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Year : 2013  |  Volume : 14  |  Issue : 1  |  Page : 29-32

Congenital complete absence of pericardium masquerading as pulmonary embolism

1 Department of Internal Medicine, St Francis Medical Center, Trenton, New Jersey, USA
2 Department of Internal Medicine, University of Oklahoma, Oklahoma, USA
3 Department of Radiology, St Francis Medical Center, Trenton, New Jersey, USA

Correspondence Address:
Saad Tariq
St Francis Medical Center, Trenton, NJ
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Source of Support: None, Conflict of Interest: None

DOI: 10.4103/1995-705X.107118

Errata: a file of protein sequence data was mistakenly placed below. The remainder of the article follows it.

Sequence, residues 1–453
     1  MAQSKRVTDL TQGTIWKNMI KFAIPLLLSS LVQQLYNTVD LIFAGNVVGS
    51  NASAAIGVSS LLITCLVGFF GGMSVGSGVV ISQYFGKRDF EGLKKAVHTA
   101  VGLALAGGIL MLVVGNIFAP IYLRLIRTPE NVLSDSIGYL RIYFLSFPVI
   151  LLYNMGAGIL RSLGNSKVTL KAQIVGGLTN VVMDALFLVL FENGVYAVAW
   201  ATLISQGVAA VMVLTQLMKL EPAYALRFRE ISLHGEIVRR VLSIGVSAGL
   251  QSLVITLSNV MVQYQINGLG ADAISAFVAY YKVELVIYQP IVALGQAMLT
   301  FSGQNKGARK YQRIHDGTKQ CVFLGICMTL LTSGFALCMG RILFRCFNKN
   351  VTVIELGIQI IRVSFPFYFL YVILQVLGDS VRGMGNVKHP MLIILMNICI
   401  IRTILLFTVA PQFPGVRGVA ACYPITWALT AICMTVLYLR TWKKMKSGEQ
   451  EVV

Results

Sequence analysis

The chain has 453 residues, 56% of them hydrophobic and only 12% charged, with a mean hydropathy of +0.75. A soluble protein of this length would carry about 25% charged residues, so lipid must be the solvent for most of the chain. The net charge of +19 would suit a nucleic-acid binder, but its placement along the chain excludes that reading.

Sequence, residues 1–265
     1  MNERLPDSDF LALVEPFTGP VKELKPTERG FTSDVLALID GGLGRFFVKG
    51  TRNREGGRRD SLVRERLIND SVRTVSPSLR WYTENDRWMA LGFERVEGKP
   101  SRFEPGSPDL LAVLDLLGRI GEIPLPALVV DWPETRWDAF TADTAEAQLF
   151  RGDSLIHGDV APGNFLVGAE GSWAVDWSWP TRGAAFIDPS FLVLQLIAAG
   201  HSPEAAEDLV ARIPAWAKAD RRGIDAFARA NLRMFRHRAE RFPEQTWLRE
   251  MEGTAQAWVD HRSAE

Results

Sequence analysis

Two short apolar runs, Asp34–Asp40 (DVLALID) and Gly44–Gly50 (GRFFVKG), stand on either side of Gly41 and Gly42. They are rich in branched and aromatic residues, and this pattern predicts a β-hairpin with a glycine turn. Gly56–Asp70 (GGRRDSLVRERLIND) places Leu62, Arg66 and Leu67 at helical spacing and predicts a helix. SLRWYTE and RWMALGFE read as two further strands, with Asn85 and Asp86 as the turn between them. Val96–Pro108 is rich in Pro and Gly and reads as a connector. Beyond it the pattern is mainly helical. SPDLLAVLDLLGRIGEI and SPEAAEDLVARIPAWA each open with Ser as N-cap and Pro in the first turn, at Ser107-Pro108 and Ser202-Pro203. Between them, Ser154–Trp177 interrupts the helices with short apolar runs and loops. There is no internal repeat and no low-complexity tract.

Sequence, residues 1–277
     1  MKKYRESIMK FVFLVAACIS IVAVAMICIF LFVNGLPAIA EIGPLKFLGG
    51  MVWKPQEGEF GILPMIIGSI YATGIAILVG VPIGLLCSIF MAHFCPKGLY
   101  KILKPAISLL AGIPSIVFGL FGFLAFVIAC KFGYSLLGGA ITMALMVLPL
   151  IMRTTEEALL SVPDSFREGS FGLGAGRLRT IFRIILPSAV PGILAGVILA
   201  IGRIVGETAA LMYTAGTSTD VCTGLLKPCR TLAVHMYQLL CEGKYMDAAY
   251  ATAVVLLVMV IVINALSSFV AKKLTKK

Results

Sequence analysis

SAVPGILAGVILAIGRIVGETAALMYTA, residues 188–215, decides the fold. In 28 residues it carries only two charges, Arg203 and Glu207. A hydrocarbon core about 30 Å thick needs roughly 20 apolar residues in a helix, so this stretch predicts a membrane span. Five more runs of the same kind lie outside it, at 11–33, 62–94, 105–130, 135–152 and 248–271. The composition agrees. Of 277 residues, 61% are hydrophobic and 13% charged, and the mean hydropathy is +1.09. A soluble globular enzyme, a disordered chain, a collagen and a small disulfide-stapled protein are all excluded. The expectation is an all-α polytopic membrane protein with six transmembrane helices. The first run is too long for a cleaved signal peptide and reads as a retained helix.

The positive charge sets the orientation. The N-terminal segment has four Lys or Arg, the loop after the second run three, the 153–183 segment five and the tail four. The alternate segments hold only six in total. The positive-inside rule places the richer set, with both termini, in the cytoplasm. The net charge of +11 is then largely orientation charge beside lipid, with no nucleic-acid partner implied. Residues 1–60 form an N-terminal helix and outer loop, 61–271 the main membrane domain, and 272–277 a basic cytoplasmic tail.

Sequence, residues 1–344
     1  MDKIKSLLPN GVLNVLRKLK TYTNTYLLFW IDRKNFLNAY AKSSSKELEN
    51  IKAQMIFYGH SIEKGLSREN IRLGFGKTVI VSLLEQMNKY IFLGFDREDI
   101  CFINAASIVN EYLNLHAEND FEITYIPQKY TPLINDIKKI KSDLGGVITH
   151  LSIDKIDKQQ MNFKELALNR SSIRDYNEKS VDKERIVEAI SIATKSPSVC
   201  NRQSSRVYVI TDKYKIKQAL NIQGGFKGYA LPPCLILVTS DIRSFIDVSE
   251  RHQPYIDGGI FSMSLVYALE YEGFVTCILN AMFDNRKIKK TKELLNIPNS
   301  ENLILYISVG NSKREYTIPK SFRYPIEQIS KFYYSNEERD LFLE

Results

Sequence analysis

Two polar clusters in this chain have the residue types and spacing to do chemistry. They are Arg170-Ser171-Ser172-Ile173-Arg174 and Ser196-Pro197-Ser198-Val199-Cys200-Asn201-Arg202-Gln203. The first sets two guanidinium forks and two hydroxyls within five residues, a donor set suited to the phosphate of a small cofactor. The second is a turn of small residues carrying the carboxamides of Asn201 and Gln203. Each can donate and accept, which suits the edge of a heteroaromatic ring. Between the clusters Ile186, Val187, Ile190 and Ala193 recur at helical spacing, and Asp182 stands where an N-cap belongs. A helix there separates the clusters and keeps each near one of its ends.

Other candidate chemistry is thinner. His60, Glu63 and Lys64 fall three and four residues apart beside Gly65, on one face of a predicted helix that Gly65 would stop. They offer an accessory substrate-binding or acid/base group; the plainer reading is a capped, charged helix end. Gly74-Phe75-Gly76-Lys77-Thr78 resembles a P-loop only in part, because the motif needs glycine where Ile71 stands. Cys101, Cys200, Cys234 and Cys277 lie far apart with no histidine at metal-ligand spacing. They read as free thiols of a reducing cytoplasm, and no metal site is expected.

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Congenital absence of the pericardium is a rare cardiac condition, which can be either isolated or associated with other cardiac and extracardiac anomalies. There are six different types, depending on the severity of the involvement. Most of the patients with this defect are asymptomatic, especially the ones with complete absence of the pericardium. However, some patients are symptomatic, reporting symptoms that include chest pain, palpitations, dyspnea, and syncope. Diagnosis is established by the characteristic features on chest X-ray, echocardiogram, chest computed tomography (CT), and/or cardiac magnetic resonance imging (MRI). We present here a case of a 23 year-old-male, who presented to our hospital with complaints of pleuritic chest pain and exertional dyspnea, of a two-week duration. He was physically active and his past history was otherwise insignificant. His chest CT with contrast was interpreted as showing evidence of multiple emboli, predominantly in the left lung, and he was started on a heparin and warfarin therapy. A repeat chest CT with contrast three weeks later showed no significant change from the previous CT scan. Both scans showed that the heart was abnormally rotated to the left side of the chest. An echocardiogram raised the suspicion of congenital absence of the pericardium, with a posteriorly displaced heart. In retrospect, motion artifact on the left lung, attributed to cardiac pulsations and the lack of pericardium, resulted in a CT chest appearance, mimicking findings of pulmonary embolism. The misdiagnosis of pulmonary embolism was attributed to the artifact caused by excessive cardiac motion artifact on the chest CT scan. In non-gated CT angiograms, excessive motion causes an artifact that blurs the pulmonary vessels, reminiscent of a 'seagull' or a 'boomerang'. Physicians need to be aware of this phenomenon, as well as the characteristic radiological features of this congenital anomaly, to enable them to make a correct diagnosis.

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